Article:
(A)

a description of each detention facility found to be in noncompliance with applicable detention standards issued by the Department or other applicable regulations;

(B)

a description of the actions taken by the Department to remedy any findings of noncompliance or other identified problems, including financial penalties, contract or agreement termination, or facility closure; and

(C)

information regarding whether the actions described in subparagraph (B) resulted in compliance with applicable detention standards and regulations.

(f)

Limitations on solitary confinement, shackling, and strip searches

(1)

Extraordinary circumstances

Solitary confinement, shackling, and strip searches of detainees—

(A)

may not be used unless such techniques are necessitated by extraordinary circumstances in which the safety of other persons is at imminent risk; and

(B)

may not be used for the purpose of humiliating detainees within or outside the detention facility.

(2)

Protected classes

Solitary confinement, shackling, and strip searches may not be used on pregnant women, nursing mothers, women in labor or delivery, or children who are younger than 18 years of age. Strip searches may not be conducted in the presence of children who are younger than 21 years of age.

(3)

Written policies

Detention facilities shall—

(A)

adopt written policies pertaining to the use of force and restraints; and

(B)

train all staff on the proper use of such techniques and devices.

9.

Timely notice of immigration charges

Section 236 of the Immigration and Nationality Act (8 U.S.C. 1226) is amended by adding at the end the following:

(f)

Notice and charges

Not later than 48 hours after the commencement of a detention of an individual under this section, the Secretary of Homeland Security shall—

(1)

file a Notice to Appear or other relevant charging document with the immigration court closest to the location at which the individual was apprehended; and

(2)

serve such notice or charging document on the individual.

.

10.

Procedures for ensuring accuracy and verifiability of sworn statements taken pursuant to expedited removal authority

(a)

In general

The Secretary shall establish quality assurance procedures to ensure the accuracy and verifiability of signed or sworn statements taken by employees of the Department exercising expedited removal authority under section 235(b) of the Immigration and Nationality Act (8 U.S.C. 1225(b)).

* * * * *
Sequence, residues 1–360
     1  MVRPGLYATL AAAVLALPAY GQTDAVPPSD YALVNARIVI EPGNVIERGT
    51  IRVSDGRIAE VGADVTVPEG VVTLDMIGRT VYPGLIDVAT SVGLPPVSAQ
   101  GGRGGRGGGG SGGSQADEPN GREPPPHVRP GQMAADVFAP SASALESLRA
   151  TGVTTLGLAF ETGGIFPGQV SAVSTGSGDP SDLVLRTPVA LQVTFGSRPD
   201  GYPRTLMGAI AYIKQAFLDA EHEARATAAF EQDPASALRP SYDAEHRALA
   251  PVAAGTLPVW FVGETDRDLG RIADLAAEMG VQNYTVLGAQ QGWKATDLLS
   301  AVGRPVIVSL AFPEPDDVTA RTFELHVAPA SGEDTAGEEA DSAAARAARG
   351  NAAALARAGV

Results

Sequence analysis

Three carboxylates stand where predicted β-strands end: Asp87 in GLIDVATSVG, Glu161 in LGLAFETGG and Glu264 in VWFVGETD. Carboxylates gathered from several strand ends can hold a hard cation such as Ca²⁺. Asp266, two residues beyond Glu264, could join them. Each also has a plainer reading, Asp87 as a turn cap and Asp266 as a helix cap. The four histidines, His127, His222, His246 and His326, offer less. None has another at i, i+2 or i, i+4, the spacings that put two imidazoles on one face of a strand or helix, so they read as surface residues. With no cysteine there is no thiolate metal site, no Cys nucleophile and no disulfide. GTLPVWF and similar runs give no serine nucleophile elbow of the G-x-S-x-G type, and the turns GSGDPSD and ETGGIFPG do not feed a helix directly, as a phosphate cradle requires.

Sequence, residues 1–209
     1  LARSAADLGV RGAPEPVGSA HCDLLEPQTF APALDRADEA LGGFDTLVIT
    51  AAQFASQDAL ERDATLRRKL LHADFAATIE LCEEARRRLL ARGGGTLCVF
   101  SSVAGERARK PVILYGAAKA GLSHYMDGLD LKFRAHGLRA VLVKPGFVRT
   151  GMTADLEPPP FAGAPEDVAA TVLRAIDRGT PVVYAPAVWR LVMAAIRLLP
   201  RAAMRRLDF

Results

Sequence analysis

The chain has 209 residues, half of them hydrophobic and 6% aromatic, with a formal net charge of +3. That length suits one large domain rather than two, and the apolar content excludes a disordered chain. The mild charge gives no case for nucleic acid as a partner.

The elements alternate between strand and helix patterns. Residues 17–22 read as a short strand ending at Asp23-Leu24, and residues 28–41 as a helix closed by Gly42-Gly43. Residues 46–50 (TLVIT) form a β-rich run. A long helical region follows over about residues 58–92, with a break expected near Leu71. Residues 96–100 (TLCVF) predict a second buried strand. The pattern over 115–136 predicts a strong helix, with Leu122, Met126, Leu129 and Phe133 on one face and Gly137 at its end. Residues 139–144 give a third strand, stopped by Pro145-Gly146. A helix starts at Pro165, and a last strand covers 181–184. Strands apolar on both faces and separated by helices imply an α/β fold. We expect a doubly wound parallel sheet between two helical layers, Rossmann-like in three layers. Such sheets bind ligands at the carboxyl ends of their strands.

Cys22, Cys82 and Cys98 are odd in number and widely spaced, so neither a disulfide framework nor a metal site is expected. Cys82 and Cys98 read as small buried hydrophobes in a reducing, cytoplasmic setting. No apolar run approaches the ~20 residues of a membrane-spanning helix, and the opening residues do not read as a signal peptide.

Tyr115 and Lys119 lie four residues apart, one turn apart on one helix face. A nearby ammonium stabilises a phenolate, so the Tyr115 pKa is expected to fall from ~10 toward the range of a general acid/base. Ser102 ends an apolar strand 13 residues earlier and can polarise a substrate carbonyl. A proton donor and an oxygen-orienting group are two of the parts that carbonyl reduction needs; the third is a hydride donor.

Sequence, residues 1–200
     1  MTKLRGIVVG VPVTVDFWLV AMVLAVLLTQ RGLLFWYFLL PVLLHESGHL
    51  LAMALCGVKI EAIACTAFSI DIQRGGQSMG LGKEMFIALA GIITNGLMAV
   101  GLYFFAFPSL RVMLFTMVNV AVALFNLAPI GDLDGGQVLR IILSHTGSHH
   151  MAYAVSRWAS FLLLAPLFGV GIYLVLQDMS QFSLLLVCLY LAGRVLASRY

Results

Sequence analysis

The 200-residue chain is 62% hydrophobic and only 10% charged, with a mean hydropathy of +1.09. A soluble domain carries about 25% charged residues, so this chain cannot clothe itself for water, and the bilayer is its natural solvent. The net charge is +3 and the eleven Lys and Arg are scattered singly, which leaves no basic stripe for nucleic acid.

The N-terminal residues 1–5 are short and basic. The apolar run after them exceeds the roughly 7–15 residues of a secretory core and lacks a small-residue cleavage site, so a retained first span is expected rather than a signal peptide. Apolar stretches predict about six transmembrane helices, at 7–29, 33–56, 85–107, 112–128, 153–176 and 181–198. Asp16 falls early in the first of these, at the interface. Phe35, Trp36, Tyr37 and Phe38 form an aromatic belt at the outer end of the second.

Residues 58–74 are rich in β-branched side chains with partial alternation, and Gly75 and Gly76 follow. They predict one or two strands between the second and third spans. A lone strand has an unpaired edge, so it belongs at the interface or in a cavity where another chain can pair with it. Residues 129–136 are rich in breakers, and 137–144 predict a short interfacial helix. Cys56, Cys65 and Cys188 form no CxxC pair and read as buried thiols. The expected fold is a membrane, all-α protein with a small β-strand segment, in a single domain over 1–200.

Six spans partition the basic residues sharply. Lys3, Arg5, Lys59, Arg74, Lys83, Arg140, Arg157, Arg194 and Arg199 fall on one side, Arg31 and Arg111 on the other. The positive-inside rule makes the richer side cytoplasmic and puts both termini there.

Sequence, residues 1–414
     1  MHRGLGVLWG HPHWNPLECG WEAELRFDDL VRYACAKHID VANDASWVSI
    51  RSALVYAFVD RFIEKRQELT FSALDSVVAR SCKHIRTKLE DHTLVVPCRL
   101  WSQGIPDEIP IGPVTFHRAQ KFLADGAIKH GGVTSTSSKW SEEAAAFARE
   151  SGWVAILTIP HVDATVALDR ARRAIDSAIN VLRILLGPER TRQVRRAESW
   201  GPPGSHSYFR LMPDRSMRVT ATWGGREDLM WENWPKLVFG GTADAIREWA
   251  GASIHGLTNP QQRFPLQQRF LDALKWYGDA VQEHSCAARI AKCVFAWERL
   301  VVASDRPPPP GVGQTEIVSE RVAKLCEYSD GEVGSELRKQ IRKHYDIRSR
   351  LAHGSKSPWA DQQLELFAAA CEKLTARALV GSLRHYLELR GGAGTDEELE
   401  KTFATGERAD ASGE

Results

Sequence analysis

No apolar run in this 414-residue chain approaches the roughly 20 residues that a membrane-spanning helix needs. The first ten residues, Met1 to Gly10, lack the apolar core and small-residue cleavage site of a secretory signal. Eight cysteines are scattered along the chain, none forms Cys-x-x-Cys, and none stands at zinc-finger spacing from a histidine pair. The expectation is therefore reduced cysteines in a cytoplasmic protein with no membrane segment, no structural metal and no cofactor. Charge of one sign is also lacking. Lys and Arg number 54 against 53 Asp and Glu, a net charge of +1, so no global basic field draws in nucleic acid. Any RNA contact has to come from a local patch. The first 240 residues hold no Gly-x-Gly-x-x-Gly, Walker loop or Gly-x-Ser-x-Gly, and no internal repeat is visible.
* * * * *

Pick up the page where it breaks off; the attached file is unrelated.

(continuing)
(b)

Recording of interviews

(1)

In general

Any sworn or signed written statement taken from an alien as part of the record of a proceeding under section 235(b)(1)(A) of the Immigration and Nationality Act shall be accompanied by a recording of the interview which served as the basis for such sworn statement.

(2)

Content

The recording shall include—

(A)

a reading of the entire written statement to the alien in a language that the alien claims to understand; and

(B)

the verbal affirmation by the alien of the accuracy of—

(i)

the written statement; or

(ii)

a corrected version of the written statement.

(3)

Format

The recording shall be made in video, audio, or other equally reliable format.

(4)

Evidence

Recordings of interviews under this subsection may be considered as evidence in any further proceedings involving the alien.

(c)

Exemption authority

(1)

Exempted facilities

Subsection (b) shall not apply to interviews that occur at detention facilities exempted by the Secretary under this subsection.

(2)

Criteria

The Secretary, or the Secretary’s designee, may exempt any detention facility if compliance with subsection (b) at that facility would impair operations or impose undue burdens or costs.

(3)

Report

The Secretary shall annually submit a report to Congress that identifies the facilities that have been exempted under this subsection.

(4)

No private cause of action

Nothing in this subsection may be construed to create a private cause of action for damages or injunctive relief.

(d)

Interpreters

The Secretary shall ensure that a professional fluent interpreter is used if—

(1)

the interviewing officer is not certified by the Department to speak a language understood by the alien; and

(2)

there is no other Federal Government employee available who is able to interpret effectively, accurately, and impartially.

11.

Child welfare professionals

(a)

Defined term

The term qualified child welfare professional means a professional with expertise in developmentally appropriate, culturally competent, and trauma-centered interviewing skills.

(b)

Guidelines